Does the biological parent have more say than the other parent?
Under the Family Law Act (the Act) the parents of a child are responsible for the care, welfare and development of the child. Each parent of a child has parental responsibility for the child. 'Parental responsibility' means all the duties, responsibilities and authority which, by law, parents have in relation to children.
There is a presumption under the Act that it is in the best interests of the child for both parents to have equalshared parental responsibility for the child. This presumption only applies where children are safe from harm.
Unfortunately the Act does not provide an exhaustive definition of the word 'parent'.
Instead, the Act sets out a range of circumstances in which people are presumed to be the parent.
Artificial conception can occur where a woman is inseminated with sperm from a donor (not through intercourse) or where an embryo or donor egg is implanted using IVF techniques.
Under the Act, if a woman bears a child as a result of artificial conception from donated sperm, while she is married or has a de facto partner, and all parties (including the donor) consented to the arrangement then the couple will be considered the legal parents of the child. The sperm donor will not be considered a parent.
In this way, lesbian couples who are in a de facto relationship and conceive a child through artificial conception will be considered the legal parents of the child.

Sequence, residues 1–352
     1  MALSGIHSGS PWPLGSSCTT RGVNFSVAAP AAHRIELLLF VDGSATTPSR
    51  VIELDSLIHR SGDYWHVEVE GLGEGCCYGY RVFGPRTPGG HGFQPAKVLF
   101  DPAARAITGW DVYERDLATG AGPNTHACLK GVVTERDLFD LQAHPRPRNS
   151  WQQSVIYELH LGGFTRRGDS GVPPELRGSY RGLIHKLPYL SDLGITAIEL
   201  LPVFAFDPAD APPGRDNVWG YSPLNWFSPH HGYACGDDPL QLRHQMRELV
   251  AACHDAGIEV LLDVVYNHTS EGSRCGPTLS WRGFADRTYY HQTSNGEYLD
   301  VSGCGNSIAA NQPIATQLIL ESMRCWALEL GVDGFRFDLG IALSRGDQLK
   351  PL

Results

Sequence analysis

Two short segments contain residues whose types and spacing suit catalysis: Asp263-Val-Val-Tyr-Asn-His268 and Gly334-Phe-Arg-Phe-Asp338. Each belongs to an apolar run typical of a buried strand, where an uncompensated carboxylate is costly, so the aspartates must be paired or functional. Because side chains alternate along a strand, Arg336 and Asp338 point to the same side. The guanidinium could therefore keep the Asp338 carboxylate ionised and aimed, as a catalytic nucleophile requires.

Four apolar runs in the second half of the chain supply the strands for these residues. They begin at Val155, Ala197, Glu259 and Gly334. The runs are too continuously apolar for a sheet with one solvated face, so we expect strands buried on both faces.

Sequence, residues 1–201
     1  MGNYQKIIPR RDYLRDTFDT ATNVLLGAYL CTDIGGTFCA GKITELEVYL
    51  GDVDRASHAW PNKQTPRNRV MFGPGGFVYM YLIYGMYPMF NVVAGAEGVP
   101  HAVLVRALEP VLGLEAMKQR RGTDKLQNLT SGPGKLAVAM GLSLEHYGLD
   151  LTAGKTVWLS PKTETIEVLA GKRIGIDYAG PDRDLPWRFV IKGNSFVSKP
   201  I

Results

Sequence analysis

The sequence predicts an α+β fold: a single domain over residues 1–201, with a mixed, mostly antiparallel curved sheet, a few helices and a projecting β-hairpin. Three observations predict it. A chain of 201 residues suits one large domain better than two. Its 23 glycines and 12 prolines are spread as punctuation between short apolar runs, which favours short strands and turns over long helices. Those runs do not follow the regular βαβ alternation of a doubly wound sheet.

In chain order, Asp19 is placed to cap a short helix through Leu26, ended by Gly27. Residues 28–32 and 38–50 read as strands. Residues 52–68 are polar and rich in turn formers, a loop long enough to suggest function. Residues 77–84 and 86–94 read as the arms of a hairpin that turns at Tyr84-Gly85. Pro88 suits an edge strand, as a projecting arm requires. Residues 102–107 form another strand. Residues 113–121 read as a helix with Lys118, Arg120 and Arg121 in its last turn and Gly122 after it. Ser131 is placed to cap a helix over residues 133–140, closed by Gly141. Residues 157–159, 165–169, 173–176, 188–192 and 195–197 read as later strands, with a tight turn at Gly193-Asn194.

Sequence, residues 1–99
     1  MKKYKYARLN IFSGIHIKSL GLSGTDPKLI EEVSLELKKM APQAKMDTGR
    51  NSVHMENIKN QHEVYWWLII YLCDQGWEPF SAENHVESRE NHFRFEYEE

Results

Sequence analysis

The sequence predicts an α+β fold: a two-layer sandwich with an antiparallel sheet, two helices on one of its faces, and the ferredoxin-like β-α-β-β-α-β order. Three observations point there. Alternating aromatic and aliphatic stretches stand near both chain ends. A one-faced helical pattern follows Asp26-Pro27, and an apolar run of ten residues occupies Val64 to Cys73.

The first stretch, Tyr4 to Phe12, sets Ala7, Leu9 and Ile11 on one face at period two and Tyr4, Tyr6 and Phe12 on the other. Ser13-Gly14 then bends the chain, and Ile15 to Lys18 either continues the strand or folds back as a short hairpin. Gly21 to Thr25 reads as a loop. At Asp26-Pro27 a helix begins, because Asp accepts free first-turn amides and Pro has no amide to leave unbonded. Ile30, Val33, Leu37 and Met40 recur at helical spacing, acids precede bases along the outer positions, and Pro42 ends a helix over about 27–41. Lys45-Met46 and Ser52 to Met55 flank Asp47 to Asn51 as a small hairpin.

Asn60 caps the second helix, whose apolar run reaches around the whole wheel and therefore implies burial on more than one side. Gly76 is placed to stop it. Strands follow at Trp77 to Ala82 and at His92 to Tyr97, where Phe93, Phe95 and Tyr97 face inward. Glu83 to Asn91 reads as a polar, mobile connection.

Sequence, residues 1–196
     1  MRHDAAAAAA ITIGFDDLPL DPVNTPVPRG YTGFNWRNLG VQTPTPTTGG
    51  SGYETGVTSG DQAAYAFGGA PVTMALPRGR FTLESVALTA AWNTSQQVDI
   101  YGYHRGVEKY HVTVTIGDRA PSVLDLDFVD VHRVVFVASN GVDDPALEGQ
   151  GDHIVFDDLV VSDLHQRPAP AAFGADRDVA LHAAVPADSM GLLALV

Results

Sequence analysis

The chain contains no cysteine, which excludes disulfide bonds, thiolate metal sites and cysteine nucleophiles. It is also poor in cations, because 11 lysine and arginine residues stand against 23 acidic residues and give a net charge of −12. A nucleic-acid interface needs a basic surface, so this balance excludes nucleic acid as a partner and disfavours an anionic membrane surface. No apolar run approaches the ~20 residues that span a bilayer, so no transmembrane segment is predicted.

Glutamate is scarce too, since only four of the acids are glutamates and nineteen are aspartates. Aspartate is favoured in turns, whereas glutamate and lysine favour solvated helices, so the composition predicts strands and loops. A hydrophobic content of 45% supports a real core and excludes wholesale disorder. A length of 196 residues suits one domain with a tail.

This could however have implications for gay couples who donate genetic material to artificially conceive a child with a woman who is married or in a de facto relationship. Because the woman's husband or de facto partner is recognised as the father of the child, despite not being biologically related, a gay couple who donated sperm would not be considered to be parents, notwithstanding that one of them may be biologically related to the child.
This means that if a gay couple wish to attain legal status as parents of a child conceived by artificial conception they would then need to legally adopt the child with the consent of the birth mother and her husband or partner.
Ok... so does the biological parent have more say than the other parent?
As can be seen from the discussion above a person who does not share genetic material with a child can be considered a parent of the child and, in other circumstances, a person who does share genetic material with a child may not be considered a parent of the child.
As you can see, this is a very complicated area of the law and it is essential to get experienced family law advice before entering into any arrangements for the artificial conception of a child.
When a court makes an order in relation to a child it is called a parenting order. Commonly parenting orders are about who a child is to live with or spend time with or who has parental responsibility for a child. Parenting orders must be in the best interests of the child.
In the context of this blog it is important to remember that under the Act it is not only parents who are able to apply for parenting orders.
Any significant person concerned with the care, welfare or development of the child can apply to the Court for parenting orders.
In this way same sex couples or other individuals who are not legally considered as parents of a child can apply for orders from the Family Law Courts to formalise parenting arrangements such as who the child is to live with or spend time with.
Again, it is very important to seek experienced Family Law legal advice in relation to these matters.